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Mitigating Dysphonia, Pain, and Vocal Handicap after Violent Video Game Voice Overs: A Pilot Investigation into Vocal Combat Technique Training

  • Katelyn Reid
    Correspondence
    Address correspondence and reprint requests to Katelyn Reid, University of Cincinnati, 3113 Bellevue Ave, Cincinnati, OH 45219.
    Affiliations
    Department of Otolaryngology-Head & Neck Surgery, University of Cincinnati, Cincinnati, Ohio
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  • Victoria S. McKenna
    Affiliations
    Department of Otolaryngology-Head & Neck Surgery, University of Cincinnati, Cincinnati, Ohio

    Department of Communication Sciences and Disorders, University of Cincinnati, Cincinnati, Ohio

    Department of Biomedical Engineering, University of Cincinnati, Cincinnati, Ohio
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  • D'Arcy Smith
    Affiliations
    Undergraduate Department of Acting, College-Conservatory of Music, University of Cincinnati, Cincinnati, Ohio
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      Summary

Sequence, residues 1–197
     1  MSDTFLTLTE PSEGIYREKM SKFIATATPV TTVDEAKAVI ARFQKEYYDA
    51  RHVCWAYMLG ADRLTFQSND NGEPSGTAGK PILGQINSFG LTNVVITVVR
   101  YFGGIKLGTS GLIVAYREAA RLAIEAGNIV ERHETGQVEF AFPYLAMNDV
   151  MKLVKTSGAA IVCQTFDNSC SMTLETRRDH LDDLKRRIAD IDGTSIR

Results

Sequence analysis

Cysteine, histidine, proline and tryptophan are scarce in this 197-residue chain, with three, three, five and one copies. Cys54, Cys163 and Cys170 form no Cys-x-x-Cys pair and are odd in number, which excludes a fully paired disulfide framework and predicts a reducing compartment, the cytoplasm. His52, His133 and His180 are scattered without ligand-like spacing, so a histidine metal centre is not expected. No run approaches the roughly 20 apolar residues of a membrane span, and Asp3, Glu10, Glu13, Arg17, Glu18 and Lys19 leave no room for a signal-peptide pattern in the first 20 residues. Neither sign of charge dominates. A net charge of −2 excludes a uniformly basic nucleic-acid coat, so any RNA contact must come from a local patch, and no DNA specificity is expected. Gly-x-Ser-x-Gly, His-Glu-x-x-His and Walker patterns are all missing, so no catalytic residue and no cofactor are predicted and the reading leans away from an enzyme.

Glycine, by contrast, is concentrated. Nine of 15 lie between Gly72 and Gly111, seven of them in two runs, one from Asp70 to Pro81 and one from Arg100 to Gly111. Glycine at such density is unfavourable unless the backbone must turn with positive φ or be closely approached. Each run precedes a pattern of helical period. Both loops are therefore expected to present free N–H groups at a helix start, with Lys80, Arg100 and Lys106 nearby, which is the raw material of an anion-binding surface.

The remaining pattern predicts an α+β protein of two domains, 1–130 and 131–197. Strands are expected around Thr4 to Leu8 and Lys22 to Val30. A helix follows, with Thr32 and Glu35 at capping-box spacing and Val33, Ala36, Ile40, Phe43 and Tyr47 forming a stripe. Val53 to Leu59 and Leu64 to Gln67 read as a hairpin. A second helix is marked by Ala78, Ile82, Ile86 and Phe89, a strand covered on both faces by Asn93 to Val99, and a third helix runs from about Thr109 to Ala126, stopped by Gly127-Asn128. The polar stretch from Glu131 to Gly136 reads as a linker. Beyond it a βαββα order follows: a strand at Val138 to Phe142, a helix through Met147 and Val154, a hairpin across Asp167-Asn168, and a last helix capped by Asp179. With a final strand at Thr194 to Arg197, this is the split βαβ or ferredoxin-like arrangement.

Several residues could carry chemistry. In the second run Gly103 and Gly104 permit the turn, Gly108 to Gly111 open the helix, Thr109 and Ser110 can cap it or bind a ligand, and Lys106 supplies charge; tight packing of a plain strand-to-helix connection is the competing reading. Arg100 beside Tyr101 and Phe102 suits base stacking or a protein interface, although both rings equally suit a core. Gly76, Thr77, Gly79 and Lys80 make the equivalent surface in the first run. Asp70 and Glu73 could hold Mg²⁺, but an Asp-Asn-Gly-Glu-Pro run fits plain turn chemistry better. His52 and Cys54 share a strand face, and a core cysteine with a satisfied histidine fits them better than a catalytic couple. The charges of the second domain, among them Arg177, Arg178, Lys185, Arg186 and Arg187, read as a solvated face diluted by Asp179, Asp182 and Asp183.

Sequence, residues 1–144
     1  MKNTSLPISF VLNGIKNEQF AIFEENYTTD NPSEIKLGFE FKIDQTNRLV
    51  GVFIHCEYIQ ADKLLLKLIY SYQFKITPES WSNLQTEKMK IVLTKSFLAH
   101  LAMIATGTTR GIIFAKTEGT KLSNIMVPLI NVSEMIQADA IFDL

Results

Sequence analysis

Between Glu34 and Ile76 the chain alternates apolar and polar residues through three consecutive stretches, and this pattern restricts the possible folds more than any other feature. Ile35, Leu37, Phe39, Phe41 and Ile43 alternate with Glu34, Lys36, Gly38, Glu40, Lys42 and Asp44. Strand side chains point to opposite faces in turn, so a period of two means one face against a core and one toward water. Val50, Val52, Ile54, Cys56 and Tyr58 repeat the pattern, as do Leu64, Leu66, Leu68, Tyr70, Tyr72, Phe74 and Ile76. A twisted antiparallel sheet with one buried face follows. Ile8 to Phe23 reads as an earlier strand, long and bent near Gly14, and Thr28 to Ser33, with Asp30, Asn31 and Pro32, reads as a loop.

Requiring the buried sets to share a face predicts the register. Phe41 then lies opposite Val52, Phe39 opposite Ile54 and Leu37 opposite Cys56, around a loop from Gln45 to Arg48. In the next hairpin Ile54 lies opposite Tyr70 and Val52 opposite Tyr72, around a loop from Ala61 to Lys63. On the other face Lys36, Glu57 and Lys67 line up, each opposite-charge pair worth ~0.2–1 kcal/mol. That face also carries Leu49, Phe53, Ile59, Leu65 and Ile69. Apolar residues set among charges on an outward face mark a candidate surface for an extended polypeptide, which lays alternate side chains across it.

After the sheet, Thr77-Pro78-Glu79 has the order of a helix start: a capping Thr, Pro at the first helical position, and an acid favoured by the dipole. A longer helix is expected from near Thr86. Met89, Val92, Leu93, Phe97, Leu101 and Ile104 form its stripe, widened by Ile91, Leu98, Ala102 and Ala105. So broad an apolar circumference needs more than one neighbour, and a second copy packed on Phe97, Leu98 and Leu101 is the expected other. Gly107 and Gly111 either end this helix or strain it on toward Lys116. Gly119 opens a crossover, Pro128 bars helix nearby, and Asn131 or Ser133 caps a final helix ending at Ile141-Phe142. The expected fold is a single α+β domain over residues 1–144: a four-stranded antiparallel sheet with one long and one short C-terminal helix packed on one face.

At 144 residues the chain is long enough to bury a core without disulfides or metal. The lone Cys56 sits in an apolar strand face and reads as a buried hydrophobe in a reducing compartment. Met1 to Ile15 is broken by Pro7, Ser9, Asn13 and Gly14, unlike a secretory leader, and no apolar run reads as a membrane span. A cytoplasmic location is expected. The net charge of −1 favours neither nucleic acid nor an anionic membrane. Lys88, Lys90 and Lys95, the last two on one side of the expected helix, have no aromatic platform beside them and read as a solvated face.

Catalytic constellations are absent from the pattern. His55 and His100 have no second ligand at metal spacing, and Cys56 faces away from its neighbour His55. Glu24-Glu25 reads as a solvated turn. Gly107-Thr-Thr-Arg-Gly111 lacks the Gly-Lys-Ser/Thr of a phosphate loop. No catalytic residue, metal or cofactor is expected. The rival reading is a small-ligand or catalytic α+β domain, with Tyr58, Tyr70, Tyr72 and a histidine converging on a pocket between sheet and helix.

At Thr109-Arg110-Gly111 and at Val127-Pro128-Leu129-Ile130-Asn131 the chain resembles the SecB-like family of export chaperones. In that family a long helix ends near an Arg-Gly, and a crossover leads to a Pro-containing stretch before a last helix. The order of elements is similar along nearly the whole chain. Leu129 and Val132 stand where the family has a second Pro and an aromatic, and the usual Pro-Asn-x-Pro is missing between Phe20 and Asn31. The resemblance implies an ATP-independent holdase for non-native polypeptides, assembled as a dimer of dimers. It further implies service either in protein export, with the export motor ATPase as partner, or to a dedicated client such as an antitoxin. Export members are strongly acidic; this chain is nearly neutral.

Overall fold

Objective

      to investigate how the Vocal Combat Technique (VCT) may mitigate vocal symptoms in voice over actors using vocal violence.

      Methods

      Five voice over actors (3 male, 2 females, Mean = 29.6 years) completed two study sessions of 45 minutes-to-1 hour of vocally violent voice over work held approximately 4 weeks apart. During session one, participants completed voice over work as they typically would, whereas they received 3-hours of VCT training to improve/assist in healthy vocal techniques prior to session two. Pre- and post-session measures for both sessions included self-perceptual ratings of vocal symptoms, auditory-perceptual evaluation, and traditional acoustic measures of frequency and perturbation.

      Results

      Participants showed substantial mitigating effects of VCT training on acoustic perturbation measures (jitter, shimmer, harmonics-to-noise ratio), and self-ratings of vocal symptoms (Vocal-Handicap Index-10, McGill Pain Scale for vocal discomfort, and Evaluation of the Ability to Sing Easily) with calculated medium to large effect sizes (d = 0.61–1.95). There were no changes in auditory perceptual ratings across sessions.

      Conclusion

      Our pilot investigation yielded positive improvements in vocal symptomology in five voice over actors who were trained in VCT. Next steps should include a larger enrollment of voice actors to determine optimal preventative and recovery techniques.

      Key Words

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